• node -v
  • v0.12.0

Now we need to get the necessary node module for the program. Type in the following

  • npm install serialport (for UART communication )
  • npm install socket.io (for websocket)
  • npm install express
  • npm install winston

That should be it for the npm install, now we need to get the javascript library for mini-maestro servo controller so go into you node_modules folder and clone back the driver library.

Step 12:

Next we need to get a streaming software for the raspberry pi so that the robot can have the ability to live stream. First :

  • sudo apt-get update
  • sudo apt-get install uv4l uv4l-raspicam
  • sudo apt-get install uv4l-webrtc

This will install the camera software. Next you can test the to see if it is running properly by typing

  • uv4l --driver raspicam --auto-video_nr --width 640 --height 480 --encoding h264 --framerate 20 --vflip yes --hflip yes

Here are some flag that is important when u run the uv4l camera software : --width and -- height set the resolution, --enconding specify the type of encoding , --vflip and --hflip is vertical and horizon flip so that the image isn't up side down. put this address in your browser : http://raspberrypi:8080/stream. You should see a stream with less than .5 s latency.Below is a demo of the camera.

Step 13: Software

Here, I will just explain the important part of the software and not all of them since that would be tedious and not useful at all . The structure of the software is as follow

Main Folder

app.js (server side )

start.sh (bash script to run node and camera progarm)

Public (web interfaces folder)


js (javascript folder for the web interface)

client.js (client side)

socket.io.js (websocket libary)

jquery.min,js(jquery libary)



Step 14: Software: App.js

App.js is a local server written in javascript and it used websocket to communicate with other device through wifi.

The following code create an object to use function from within the socket.io library and then tell the app to listen to port 5000.

var app = require('http');
io = require('socket.io').listen(app);
url= require('url');
fs = require('fs');

The next part of the code is simply forwarding the content in public through the wifi so that you can communicate with it via ip address.

// Http handler function
function handler (req, res) {
    // Using URL to parse the requested URL
    var path = url.parse(req.url).pathname;
    // Managing the root route
    if (path == '/') {
        index = fs.readFile(__dirname+'/public/index.html', 
            function(error,data) {
                if (error) {
                    return res.end("Error: unable to load index.html");
                res.writeHead(200,{'Content-Type': 'text/html'});
    // Managing the route for the javascript files
    } else if( /\.(js)$/.test(path) ) {
        index = fs.readFile(__dirname+'/public'+path,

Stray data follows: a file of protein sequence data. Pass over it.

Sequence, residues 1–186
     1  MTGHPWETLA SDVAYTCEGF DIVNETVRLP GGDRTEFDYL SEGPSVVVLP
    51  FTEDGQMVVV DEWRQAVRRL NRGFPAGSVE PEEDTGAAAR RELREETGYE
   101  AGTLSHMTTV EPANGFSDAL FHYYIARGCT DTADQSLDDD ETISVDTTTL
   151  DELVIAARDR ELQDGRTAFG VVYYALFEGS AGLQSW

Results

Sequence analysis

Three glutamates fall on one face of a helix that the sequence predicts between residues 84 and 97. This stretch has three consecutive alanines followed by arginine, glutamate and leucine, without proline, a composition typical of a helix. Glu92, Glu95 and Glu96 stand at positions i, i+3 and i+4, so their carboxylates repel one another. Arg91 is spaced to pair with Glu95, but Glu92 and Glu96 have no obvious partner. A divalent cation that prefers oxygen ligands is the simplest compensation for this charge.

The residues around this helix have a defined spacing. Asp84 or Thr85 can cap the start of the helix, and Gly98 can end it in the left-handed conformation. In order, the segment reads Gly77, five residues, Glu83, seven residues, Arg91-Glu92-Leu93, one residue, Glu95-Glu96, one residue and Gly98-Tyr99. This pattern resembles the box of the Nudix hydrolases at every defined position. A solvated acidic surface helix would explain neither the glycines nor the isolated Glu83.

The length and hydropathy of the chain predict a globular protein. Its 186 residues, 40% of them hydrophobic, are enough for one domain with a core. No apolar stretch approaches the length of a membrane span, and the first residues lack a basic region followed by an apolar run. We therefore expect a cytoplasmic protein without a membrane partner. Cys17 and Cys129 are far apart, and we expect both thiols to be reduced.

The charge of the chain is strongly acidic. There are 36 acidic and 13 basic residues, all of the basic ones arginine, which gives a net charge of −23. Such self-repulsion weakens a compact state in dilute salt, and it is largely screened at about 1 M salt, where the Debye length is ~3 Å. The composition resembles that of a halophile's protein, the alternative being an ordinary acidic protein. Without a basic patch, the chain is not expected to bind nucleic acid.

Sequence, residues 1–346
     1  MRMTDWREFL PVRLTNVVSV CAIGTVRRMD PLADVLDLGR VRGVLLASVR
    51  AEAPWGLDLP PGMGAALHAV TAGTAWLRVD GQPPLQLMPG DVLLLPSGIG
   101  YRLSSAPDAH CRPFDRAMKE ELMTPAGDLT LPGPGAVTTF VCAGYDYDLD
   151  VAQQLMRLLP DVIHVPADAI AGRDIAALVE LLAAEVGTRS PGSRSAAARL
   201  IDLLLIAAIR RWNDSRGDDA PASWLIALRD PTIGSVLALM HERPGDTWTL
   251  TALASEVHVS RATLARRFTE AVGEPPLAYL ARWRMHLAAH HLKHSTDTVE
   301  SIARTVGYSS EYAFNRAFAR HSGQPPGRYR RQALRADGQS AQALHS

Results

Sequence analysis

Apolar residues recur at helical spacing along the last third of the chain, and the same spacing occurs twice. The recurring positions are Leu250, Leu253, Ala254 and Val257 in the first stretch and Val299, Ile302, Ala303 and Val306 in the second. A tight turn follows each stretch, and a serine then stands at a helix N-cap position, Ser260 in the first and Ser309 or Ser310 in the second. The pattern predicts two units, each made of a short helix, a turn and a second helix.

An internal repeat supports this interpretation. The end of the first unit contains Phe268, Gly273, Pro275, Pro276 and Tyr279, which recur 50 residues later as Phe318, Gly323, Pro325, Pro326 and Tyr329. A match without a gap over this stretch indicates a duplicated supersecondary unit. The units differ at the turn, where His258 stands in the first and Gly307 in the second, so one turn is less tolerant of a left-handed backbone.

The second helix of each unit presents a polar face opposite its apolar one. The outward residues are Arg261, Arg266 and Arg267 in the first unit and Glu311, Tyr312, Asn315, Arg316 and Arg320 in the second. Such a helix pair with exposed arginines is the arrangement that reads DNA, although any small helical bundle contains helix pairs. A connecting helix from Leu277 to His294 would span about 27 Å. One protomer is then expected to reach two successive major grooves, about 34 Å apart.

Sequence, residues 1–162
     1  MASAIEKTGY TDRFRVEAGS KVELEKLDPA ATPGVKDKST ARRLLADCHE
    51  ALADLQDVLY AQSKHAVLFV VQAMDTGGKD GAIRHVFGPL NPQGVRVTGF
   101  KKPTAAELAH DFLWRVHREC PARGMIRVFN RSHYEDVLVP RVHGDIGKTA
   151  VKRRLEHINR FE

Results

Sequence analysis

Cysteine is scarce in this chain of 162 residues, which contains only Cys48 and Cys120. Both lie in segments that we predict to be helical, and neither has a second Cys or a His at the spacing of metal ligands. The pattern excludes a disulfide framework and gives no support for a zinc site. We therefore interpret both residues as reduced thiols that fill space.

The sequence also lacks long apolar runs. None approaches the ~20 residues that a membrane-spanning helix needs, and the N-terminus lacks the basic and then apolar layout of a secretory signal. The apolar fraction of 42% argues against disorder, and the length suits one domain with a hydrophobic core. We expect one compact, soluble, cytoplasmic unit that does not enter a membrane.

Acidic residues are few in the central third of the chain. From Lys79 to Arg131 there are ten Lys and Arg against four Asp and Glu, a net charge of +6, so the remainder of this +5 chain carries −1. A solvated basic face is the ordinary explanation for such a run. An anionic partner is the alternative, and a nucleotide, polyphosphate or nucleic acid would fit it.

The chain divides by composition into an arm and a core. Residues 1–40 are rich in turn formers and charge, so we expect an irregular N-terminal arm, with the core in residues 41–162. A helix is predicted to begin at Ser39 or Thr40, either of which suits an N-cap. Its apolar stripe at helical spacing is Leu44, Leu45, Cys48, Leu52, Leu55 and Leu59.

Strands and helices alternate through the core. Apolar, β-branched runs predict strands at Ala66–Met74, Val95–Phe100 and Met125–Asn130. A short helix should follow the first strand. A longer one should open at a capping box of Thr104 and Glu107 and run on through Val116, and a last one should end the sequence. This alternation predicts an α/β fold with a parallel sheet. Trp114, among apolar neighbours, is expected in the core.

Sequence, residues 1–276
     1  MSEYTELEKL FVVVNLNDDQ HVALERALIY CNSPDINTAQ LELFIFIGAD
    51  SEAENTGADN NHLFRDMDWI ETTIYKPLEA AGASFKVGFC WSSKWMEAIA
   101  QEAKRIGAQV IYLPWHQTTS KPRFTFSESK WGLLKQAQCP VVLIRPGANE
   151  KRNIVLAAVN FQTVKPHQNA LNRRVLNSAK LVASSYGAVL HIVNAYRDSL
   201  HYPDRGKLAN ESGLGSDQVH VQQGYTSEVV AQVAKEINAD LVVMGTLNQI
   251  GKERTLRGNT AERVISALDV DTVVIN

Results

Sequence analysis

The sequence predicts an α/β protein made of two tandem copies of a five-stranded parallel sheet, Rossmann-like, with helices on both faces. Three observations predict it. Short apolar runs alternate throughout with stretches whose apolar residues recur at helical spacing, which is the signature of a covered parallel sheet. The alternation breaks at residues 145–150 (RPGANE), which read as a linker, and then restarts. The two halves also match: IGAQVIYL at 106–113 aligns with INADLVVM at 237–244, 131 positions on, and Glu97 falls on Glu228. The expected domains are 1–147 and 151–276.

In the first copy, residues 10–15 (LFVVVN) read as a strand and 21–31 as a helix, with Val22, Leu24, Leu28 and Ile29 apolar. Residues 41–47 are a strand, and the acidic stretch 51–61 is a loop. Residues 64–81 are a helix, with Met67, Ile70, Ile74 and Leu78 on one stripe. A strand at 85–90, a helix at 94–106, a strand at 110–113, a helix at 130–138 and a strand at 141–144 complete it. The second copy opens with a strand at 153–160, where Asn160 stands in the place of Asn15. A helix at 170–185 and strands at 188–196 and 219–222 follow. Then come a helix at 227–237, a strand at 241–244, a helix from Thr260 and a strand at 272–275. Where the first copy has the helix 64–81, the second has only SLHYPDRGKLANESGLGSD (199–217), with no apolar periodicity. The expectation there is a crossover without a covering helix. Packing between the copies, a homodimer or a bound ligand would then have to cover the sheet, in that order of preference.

function(error,data) {
                if (error) {
                    return res.end("Error: unable to load " + path);
                res.writeHead(200,{'Content-Type': 'text/plain'});
    } else {
        res.end("Error: 404 - File not found.");

In addition we also put the code to control the servo inside app.js. First , you need to create an object for the mini-maestro library like socket.io.

var PololuMaestro = require("pololu-maestro");
var maestro = new PololuMaestro("/dev/ttyACM0");

Then you can use the function inside the mini-maestro library as follow.

// Initiate communication with the servo controller
maestro.on("ready", function() {
 console.log("connection made");}
//Set the speed of servo at pin 0 to 60 
maestro.setSpeed(0, 60);
// Set the angle ( you write in PWM value) at pin 0
maestro.setTarget(0, 1200); 

//Example function 
function CameraRight(){
    yaw = yaw+100;
    maestro.setTarget(12, yaw); 

Next we need to include a portion of code to call these function when we get the data from the communication side that they want to run a certain function.

// Check for signal being sent
io.sockets.on('connection', function (socket) {
  //If signal is CR, then run CameraRight();
  socket.on('CR', function(data) {


Step 15: Software : Client.js

client.js handle all the input that the user do in the web intertfaces and send it back to the app.js so it interpret those command and execute the proper function. Here is a simple example of the code that need to in client.js

//Check to see if the keyboard is press 
//If the letter K was press, send the string LF back to the server 
 if(e.keyCode == 107){ 

Step 16: Software: Driving Module

This is the software part for the driving module. If you didn't put the wheels and motors on your robot you can skip this part.

In order to interact with the motor driver, we going to need to installed it library on the raspberry pi. First do these step.

Since this library is in python. We going to need to write 2 python script , one for forward and the other for backward. Then called these scripts in our app.js. In order to do this we going to need python-shell, python-shell allowed us to called on python script in javascript using nodejs.

  • npm install python-shell

To install python-shell

The below is an example of a python script that move the motor forward.

from Adafruit_MotorHAT import Adafruit_MotorHAT, Adafruit_DCMotor
import time
import atexit
# create a default object, no changes to I2C address or frequency
mh = Adafruit_MotorHAT(addr=0x60)
# recommended for auto-disabling motors on shutdown!
def turnOffMotors():
# Attached the motor to it respective pin
myMotor1 = mh.getMotor(1)
myMotor2 = mh.getMotor(2)
myMotor3 = mh.getMotor(3)
myMotor4 = mh.getMotor(4)
# set the speed to start, from 0 (off) to 255 (max speed)
# set the motor to go forward for 3 second 
# Adafruit_MotorHAT.FORWARD: going forward
# Adafruit_MotorHAT.FORWARD: going forward
# Adafruit_MotorHAT.FORWARD: going forward

This part here is in app,js that will called on the python script called "Motor.py".

var PythonShell = require('python-shell'); // create an object for python shell

function MotorForward(){ // function that call on python script
   PythonShell.run('Motor.py', function (err) {
  if (err) throw err;
MotorForward(); // call the function

Step 17: Software: Getting the Files

To get get all the files to your raspberry pi, you simply just have to clone all the stuff in my repo. Type in the following:

This should download all the files back to your raspberry pi. Make sure u have your node version around 0.12 or the software won't work.

<p>Is the program doing the moves in salvos?<br>Or are you commanding it live?<br></p>
<p>Hello, I am commanding the robot in realtime via Wifi using a webserver that was made in Node.js.</p>
<p>Thats Good</p>
Thats Great!

About This Instructable




Bio: Making Robo
More by HuskyRobo:Wolf : IoT Multi-Terrain Quadruped Fenrir: An Open source dog robot  Husky I : Quadruped Live Streaming Bot with Raspberry pi